The Ethics Of Using Machine Learning In Marketing: What You Need To Know

A fictional image of machine learning in marketing

In today’s competitive landscape, personalisation has become the watchword in marketing. In order to treat each customer as a unique individual with their own preferences and interests, we must learn from individual customers’ behaviour rather than aggregate this understanding at a segment or population level. We want our marketing decision models to make decisions not just based on statements like “53% of our customers bought Men’s Formal Wear in the past week”, but on statements like “Customer XYZ has shown a preference for Casual Wear over the past year, but has purchased Formal Wear on his last visit.” And this is exactly where machine learning in marketing takes centre stage.

Understanding The Context

Machine Learning is a highly popular branch of AI that involves constructing data-driven models to comprehend or simulate human decision-making. (FYI, much of the recent popularity of AI has to do with a class of algorithms under machine learning called deep neural networks.) Machine learning models are widely used in modelling and predicting customer behaviour. The importance of machine learning in marketing can be observed in the fact that large, state-of-the-art recommender systems in popular apps and websites like YouTube and Netflix are often powered by ML. To be more accurate, it is possible due to the application of a machine learning-based recommendation system.

However, it is important to remember that this is made possible by data-driven models. So it follows that the more data you feed into these models, the better they get. But the term “more data” doesn’t always mean one thing. It could mean having data about a larger number of customers, thereby making sure that the models learn from a more diverse variety of customer behaviours, and therefore get better.

While we are on the topic of machine learning and what it can do for the field of marketing, how about reading The Benefits of AI in Marketing: Increased Efficiency and Personalisation for insights on that subject?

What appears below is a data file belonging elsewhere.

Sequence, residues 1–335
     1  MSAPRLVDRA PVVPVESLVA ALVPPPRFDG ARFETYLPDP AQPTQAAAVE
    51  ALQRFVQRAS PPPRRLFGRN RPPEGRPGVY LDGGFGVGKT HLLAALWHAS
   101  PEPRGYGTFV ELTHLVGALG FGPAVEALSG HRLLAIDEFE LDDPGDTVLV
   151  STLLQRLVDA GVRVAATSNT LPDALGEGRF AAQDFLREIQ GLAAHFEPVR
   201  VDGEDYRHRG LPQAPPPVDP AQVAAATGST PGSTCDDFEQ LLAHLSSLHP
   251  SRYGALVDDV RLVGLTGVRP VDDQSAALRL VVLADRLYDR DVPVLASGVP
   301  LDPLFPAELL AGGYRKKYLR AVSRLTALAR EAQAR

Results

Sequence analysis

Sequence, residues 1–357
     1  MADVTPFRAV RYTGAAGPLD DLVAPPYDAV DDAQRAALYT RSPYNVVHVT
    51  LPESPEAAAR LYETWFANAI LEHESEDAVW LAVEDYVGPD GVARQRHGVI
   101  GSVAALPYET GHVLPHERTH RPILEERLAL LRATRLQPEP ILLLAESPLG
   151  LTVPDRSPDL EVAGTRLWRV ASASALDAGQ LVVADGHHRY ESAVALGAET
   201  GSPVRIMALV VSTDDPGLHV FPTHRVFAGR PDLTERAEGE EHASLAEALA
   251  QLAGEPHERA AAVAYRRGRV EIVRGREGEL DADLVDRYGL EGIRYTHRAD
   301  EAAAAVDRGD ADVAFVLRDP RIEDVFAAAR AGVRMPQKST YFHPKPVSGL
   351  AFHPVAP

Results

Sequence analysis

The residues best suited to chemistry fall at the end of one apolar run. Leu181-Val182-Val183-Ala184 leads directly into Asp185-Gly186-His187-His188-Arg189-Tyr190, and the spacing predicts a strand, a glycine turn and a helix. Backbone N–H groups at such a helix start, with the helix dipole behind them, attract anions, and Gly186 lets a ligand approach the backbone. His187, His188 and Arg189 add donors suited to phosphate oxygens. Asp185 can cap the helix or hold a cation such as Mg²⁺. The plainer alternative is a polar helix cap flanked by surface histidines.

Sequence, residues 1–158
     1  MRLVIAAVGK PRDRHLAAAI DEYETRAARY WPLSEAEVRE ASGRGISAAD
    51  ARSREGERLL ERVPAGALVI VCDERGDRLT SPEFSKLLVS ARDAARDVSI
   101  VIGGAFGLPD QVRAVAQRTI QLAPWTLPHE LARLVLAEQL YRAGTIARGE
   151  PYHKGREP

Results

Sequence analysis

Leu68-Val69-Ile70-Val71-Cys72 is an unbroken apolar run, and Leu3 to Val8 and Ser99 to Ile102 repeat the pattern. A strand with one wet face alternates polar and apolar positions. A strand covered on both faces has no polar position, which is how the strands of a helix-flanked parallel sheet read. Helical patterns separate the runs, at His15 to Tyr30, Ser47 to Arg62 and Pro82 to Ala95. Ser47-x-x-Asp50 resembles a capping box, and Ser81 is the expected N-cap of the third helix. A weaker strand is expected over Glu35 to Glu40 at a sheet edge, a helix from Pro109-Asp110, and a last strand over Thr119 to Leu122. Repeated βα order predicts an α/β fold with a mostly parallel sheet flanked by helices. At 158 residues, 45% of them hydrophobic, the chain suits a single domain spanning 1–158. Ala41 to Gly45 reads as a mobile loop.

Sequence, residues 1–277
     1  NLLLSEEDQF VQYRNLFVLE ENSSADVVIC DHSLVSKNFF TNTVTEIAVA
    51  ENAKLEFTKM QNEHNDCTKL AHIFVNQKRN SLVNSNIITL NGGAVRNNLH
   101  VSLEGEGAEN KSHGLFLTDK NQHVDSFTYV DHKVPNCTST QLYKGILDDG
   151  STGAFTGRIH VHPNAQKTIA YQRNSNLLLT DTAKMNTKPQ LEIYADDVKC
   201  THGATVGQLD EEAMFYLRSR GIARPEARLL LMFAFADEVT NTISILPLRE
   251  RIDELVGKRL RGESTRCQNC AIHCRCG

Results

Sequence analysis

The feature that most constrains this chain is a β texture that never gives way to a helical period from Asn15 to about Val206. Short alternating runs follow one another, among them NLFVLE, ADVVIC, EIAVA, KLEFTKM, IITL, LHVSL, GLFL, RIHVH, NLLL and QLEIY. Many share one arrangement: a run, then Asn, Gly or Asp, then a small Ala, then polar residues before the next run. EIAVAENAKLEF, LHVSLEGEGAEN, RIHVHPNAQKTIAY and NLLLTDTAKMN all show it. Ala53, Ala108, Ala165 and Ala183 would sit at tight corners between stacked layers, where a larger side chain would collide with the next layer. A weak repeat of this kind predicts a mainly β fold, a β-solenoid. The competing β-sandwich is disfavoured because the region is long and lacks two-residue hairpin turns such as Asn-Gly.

The Ethical Aspect of Machine Learning In Marketing

An alternative manner of viewing the data-driven system of ML is by considering that it could also be interpreted as having more in-depth data about each customer. And this interpretation is particularly relevant when you think about how you intuitively think about personalisation. The intuitive, one-line pitch on personalisation is: I know my customer inside-out, and am therefore able to recommend the very thing he/she needs, at the right time.

However, this notion of a deep understanding of customers raises several ethical considerations. The quest to gather more detailed data about each customer nudges us closer to a critical question: what data is ethically ours to use and learn from, and what isn’t?

It’s worth noting that data collection and learning from it aren’t inherently problematic. For instance, if a customer purchases several blue shirts over a period, it’s reasonable to infer that they favour that colour. Where it gets murky is when the emphasis on personalisation begins to infringe upon the boundaries of personal data privacy.

To simplify, any data that characterise a customer’s interaction with a brand—such as purchase history or browsing behaviour—is considered fair game. On the other hand, any data that describes the customer personally and hasn’t been obtained with explicit permission should be off-limits. Moreover, any practice that denies customer access to a brand’s products or services based on their characteristics is unacceptable.

You might also benefit from reading our article on the Power of Customer Insights: Unlocking Hidden Opportunities for Your Business.

Ethical Machine Learning in Marketing—A Path Forward

All the ethical notions discussed thus far are neither surprising nor for that matter, unregulated. There exist legal safeguards to dictate what brands can and cannot do with data. However, in day-to-day operations, it’s easy to assume that if some data is available, it’s okay to use it. Hence, when applying machine learning in marketing, it’s vital to adhere to ethical standards and respect personal boundaries.

In conclusion, harnessing the power of Solus AI’s campaigns for personalized recommendations, driven by cutting-edge technology, is a game-changer for any marketing strategy. By leveraging this intelligence system, businesses can unlock a plethora of benefits and enhance their marketing efforts like never before.